Ashley: It’s beautiful. You know, so we’ve got, you know, mile-and-a-half marsh-front views. We’ve got a pier that goes out, where we’re going to end up having, like, place where you and tie up boats and it’s going to have a water slide, and Sea-Doos, and all that kind of stuff, kayaks. And it’s going to be really cool property.

And, you know, one of the cool things about being a fund manager and doing what I do is that I kind of get to create my own playground, right? And that’s one of the things that I resolved. I was like, “Listen, I want to do deals that I want to go to, that I want to take my family to, and that I want to interact with. I want to go and be with the people that are there.” And so, this is definitely one of those projects.

So, come on, man. You know, we should have the cottages up, you know, here in May/June. And, in the meantime, you know, if you need my RV, I’ll loan it to you.

Scott: Awesome. I will hit you up. I love it. I love it. Okay. So, all fascinating. I’d love if we could take just a look back, just a step back here, and look at multifamily itself, you know, in a larger way.

Are there any multifamily trends that you’ve seen that are particularly interesting or compelling to you?

Ashley: You know, so, one of the things, and I’ve actually done a number of deals inside OZ Pros and talked with a number of folks who are actively working on this type of stuff, but we’ve actually seen a number of folks that are actually starting Airbnb companies with existing multifamily assets.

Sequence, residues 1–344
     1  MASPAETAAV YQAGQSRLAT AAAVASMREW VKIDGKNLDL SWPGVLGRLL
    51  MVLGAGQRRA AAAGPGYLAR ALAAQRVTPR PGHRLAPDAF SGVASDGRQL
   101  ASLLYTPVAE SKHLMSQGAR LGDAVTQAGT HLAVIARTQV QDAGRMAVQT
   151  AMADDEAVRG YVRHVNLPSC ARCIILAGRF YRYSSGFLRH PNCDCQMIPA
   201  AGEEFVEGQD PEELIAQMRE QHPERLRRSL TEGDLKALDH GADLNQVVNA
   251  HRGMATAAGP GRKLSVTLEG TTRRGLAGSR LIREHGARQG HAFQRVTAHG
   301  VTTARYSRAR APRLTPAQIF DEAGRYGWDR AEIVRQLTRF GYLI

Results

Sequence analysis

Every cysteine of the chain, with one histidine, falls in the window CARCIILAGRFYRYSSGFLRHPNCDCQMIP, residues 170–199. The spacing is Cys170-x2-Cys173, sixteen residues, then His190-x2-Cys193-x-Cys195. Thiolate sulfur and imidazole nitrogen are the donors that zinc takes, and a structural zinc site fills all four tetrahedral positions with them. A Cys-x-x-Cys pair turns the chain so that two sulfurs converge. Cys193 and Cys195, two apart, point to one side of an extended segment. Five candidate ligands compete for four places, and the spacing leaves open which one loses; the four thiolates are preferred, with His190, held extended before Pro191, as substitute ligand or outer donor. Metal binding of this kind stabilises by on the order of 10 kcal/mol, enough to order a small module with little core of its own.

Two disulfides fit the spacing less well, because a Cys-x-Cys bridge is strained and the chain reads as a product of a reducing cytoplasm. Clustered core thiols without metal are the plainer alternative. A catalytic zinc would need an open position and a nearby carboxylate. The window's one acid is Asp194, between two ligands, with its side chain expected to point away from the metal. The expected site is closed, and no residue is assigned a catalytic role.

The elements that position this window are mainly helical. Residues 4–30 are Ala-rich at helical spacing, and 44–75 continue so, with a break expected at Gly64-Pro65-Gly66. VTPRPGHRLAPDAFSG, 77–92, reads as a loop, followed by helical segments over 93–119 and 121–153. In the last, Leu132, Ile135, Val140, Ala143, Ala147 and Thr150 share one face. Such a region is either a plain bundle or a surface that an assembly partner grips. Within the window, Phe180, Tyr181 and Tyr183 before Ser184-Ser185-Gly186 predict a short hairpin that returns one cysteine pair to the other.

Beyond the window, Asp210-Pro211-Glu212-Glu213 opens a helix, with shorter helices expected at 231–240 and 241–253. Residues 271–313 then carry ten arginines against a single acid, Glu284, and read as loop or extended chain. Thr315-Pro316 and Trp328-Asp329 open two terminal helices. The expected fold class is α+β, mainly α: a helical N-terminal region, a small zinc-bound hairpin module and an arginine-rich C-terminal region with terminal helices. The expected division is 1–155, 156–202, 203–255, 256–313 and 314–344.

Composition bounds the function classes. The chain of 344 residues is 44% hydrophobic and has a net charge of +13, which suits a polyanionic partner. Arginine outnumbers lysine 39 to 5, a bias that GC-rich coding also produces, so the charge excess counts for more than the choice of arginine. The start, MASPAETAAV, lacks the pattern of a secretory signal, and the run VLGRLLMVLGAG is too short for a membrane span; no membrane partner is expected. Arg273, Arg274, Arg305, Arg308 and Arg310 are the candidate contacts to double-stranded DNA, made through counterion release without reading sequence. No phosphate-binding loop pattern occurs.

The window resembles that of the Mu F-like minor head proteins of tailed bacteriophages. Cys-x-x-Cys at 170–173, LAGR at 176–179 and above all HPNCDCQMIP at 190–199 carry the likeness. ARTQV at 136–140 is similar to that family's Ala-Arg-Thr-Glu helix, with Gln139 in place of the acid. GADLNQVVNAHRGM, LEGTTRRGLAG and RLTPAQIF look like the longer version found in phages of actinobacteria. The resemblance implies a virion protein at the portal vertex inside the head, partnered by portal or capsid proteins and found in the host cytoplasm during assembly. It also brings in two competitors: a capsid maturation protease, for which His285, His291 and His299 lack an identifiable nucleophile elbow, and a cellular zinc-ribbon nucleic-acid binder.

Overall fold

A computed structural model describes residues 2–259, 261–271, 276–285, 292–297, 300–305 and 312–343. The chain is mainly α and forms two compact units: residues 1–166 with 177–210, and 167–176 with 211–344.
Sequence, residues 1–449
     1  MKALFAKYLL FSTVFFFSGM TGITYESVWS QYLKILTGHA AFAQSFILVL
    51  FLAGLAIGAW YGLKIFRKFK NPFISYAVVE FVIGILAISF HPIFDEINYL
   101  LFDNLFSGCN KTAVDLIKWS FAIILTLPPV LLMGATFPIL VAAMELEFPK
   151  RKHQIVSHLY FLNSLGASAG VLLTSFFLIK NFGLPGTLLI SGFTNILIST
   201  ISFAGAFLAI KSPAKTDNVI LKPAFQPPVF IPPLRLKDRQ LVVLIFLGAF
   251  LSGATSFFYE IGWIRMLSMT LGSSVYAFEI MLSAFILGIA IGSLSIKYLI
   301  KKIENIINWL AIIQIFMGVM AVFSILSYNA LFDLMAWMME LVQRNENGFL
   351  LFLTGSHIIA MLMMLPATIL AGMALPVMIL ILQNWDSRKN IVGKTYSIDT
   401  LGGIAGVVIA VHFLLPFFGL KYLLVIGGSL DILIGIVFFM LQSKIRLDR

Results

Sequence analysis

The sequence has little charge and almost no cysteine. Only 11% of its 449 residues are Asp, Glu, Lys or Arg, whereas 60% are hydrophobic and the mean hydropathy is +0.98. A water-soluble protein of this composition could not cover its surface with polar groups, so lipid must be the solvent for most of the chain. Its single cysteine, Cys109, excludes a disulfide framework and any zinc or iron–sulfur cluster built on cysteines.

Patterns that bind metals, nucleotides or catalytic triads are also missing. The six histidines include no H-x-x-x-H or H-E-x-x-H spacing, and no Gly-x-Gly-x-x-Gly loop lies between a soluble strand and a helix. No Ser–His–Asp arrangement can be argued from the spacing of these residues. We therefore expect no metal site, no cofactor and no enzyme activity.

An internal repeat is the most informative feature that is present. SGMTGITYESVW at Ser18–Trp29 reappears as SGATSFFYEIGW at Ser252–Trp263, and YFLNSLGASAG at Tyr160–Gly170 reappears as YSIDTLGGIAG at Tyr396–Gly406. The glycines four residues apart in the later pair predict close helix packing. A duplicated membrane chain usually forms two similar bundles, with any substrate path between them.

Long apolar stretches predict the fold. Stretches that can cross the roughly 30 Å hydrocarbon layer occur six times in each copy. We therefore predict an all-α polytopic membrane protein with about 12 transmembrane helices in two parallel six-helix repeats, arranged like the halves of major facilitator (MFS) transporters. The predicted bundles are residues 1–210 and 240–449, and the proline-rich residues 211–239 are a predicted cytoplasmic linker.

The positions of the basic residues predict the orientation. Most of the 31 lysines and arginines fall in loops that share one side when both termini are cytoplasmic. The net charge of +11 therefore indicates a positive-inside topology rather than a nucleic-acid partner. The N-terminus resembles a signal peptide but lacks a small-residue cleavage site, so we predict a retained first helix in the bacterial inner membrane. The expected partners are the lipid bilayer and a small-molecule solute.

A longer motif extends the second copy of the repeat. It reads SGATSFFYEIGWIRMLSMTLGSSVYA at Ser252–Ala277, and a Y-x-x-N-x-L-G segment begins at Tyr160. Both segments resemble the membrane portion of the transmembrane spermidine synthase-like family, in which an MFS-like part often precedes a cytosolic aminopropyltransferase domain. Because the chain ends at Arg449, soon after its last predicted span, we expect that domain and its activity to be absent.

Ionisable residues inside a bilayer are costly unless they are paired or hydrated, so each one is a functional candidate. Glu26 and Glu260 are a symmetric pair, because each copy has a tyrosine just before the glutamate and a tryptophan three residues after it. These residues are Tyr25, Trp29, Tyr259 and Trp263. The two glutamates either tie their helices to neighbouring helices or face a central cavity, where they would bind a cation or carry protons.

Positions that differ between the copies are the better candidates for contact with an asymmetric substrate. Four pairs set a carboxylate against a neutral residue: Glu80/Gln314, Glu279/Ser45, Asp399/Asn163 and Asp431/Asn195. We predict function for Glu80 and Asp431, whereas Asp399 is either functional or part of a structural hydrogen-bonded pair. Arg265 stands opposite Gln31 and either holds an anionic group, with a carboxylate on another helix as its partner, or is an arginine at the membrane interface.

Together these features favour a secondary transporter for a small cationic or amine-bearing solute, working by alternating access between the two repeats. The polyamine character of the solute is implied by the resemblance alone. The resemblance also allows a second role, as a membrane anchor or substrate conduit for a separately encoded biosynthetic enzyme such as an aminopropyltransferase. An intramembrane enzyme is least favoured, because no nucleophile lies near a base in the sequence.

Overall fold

So, you’ve seen them pop up, where they’ll literally take a whole floor of a multifamily asset and they’ll start Airbnb-ing, you know, out those. They’ll do them on nightly rentals for that floor. And so, I’ve seen a lot of that happening right now, where, you know, before, we had kind of the condo hotel-type thing that was happening.

And I think that we’re seeing a lot of that happening inside of the multifamily space right now, where traditional multifamily assets or, you know, where they’re doing, you know, separated multifamily developments, right, as, like, literally build-to-rent properties, right? So, they’re technically single-family rentals, but they’re multifamily in the context that they’re building 350 of them in a community.

And inside of that package, they’re even, you know, peeling out a bunch of them that they can dump into this kind of Airbnb concept. So, I think that that’s a fascinating development, right? The advent and the utilization of technology to match up supply with demand. And I think that that’s one of the trends that we’re going to continue to see, not just within the multifamily space going the Airbnb route, but also kind of this co-living concept that is starting to evolve as well.

I’ve talked to a number of people that are embracing that kind of concept, too. You know, where it’s coliving as opposed to coworking. Or it’s coliving in conjunction with coworking, which is some exciting stuff. So, it’s going to be really exciting to see, you know, where technology takes that matchup of supply and demand and how far we’re able to get, you know, kind of post-COVID with that.